MA: We’ve always tried to go down the four E’s route, which is in the first instance engage, try and explain and then educate. It’s fair to say that a lot of the COVID-19 guidance has changed as the pandemic has gone along and what we’ve had to do is follow the guidance of the University, the NHS and the government, to try to explain to students what you may have done little while ago you can’t do now. If you look at the numbers issue - about who can form a bubble - some of it can be quite complicated, which is why invariably we’ve gone down the initial three E’s. However, we have been getting a number of complaints from members of the public who’ve been observing what’s been going on campus, and we’ve had complaints from other students about fellow students not necessarily observing the COVID-19 guidance, and that’s understandable. Therefore what we had to do is, and I use the enforcement word, but it’s really with a small ‘e’ because what we try to do is stop the gatherings or the excess numbers or whatever the breaches are. If there are consistent breaches, or where people constantly ignore us telling them they shouldn’t meet, then what we’ve been instructed to do by universities, is to pass that onto the University Student Misconduct Office. They will then look at what evidence and information we’ve provided and they will then make a decision if there is to be further enforcement. We’re really sympathetic to the situations students find themselves in, but we’ve also got to be mindful of the chances of increasing the spread of COVID-19. In the beginning of the COVID-19 pandemic we concentrated on engagement, explaining and educating with enforcement being a last resort. We discussed this with the students to try and get them to understand and by and large, the vast majority of students did get it. However with the increase in COVID-19 related infections, hospital admissions and deaths, the Government expectations on the Police to actively intervene to enforce COVID-19 guidance has increased. The University takes its responsibility seriously to prevent the spread of COVID-19 and Campus Security will now contact the Police if there are deliberate, repeat, serious or dangerous COVID-19 breaches.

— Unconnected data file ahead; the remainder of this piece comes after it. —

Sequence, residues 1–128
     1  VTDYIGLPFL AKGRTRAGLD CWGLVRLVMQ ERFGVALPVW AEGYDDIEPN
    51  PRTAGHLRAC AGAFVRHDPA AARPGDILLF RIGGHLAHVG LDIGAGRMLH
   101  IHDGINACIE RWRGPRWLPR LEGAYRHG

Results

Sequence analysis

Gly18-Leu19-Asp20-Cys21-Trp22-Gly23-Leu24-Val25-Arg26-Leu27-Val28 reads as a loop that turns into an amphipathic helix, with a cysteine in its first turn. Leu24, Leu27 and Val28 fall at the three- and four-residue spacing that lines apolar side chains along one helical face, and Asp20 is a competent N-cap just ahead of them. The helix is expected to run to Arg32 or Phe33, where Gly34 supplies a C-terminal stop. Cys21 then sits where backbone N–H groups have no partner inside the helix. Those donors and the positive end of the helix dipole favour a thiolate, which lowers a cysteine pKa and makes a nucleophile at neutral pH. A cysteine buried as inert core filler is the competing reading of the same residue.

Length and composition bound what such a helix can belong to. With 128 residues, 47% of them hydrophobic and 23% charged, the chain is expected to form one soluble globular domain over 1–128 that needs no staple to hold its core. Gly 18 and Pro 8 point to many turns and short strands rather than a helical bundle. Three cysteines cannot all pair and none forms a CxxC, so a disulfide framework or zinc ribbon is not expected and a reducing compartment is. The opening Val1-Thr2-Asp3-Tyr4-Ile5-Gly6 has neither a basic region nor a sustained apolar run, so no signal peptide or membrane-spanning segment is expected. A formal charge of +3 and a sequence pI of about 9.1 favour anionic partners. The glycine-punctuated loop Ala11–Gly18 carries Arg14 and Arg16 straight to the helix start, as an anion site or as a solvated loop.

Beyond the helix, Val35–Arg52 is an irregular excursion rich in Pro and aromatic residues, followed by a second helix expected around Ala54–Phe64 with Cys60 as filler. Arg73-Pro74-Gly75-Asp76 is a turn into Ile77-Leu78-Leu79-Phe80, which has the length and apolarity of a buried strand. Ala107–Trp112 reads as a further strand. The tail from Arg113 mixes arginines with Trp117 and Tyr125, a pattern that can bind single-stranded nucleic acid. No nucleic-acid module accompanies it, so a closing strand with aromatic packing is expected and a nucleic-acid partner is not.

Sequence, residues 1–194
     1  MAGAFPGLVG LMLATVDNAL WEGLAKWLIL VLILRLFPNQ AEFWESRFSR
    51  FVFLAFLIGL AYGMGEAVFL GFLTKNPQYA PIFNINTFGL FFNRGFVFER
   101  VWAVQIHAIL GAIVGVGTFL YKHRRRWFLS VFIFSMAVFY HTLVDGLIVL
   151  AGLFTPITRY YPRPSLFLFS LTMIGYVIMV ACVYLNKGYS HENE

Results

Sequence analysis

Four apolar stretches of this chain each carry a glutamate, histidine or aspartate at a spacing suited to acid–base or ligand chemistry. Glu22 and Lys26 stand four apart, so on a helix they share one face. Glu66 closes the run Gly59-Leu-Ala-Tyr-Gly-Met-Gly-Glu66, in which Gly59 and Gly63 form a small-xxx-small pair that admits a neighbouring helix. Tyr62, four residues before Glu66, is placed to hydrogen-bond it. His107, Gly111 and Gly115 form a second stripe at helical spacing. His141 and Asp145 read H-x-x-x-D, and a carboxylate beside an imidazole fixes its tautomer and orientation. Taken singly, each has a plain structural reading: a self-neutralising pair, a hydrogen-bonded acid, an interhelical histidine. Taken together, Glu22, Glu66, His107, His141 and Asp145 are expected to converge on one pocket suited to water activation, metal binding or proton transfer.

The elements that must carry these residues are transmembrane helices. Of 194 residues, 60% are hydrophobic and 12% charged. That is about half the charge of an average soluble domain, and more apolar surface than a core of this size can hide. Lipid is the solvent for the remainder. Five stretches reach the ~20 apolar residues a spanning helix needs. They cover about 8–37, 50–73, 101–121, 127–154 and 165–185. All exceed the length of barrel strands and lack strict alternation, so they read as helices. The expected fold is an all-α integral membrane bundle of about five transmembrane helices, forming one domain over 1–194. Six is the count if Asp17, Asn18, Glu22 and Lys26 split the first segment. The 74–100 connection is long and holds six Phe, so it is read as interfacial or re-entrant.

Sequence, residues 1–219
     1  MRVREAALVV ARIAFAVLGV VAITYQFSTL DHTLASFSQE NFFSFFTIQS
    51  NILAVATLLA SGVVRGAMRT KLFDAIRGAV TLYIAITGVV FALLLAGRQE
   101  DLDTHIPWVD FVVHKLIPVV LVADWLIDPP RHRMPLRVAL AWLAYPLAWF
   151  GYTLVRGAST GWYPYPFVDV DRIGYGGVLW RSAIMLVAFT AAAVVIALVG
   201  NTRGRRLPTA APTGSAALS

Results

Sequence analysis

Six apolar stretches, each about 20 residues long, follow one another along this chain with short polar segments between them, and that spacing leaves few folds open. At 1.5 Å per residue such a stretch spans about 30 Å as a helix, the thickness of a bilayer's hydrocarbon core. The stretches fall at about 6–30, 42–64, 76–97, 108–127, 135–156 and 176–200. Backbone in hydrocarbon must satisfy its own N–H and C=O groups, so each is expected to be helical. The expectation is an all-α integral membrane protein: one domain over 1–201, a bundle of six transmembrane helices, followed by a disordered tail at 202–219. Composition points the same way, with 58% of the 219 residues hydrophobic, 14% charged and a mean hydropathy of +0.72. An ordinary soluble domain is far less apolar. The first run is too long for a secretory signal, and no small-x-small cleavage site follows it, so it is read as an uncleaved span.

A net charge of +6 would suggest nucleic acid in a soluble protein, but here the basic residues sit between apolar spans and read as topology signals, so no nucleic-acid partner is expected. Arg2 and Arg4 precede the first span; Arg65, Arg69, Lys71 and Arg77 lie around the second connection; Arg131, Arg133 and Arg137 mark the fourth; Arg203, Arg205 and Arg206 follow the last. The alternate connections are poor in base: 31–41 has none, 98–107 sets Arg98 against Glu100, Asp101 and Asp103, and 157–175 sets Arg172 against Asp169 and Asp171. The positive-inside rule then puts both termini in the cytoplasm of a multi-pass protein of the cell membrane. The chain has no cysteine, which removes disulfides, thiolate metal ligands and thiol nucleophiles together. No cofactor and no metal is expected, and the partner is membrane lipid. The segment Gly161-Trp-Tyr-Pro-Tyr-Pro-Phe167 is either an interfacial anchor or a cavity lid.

TT: What’s campus security’s involvement when it comes to organising demonstrations?

MA: I always start from a legal perspective. Is it lawful, and then is it safe? Because if it’s not lawful or safe then it comes with some consequences. I firmly believe in the right to protest. We are not here to stop protests and I’ll be very clear about that. This is a democratic society. There is freedom of speech. A lot of those are very important tasks here in the UK. What I always try and do, is meet and discuss with event organizers to understand what it is that they’re trying to achieve, and I will give them advice on how to achieve that event in a lawful and safe way. What I then try and do is give them a way that they can actually do that. What I now get is a number of approaches by students directly to ask for advice, because they are thinking of having a protest. I am very free to give my advice, and a lot of that can sometimes mean that I have to liaise with other people, especially when it’s off campus because it has an effect on the wider public. Recently I met with the Black Lives Matter group earlier on this summer and gave them advice. I’ve met variously with the Nigerian society and others who were protesting about what was going on back in Nigeria. I have spoken to the Polish Society, and even spoke to the UCU about their industrial dispute, and a lot of that is not to stop it, but work in conjunction with them.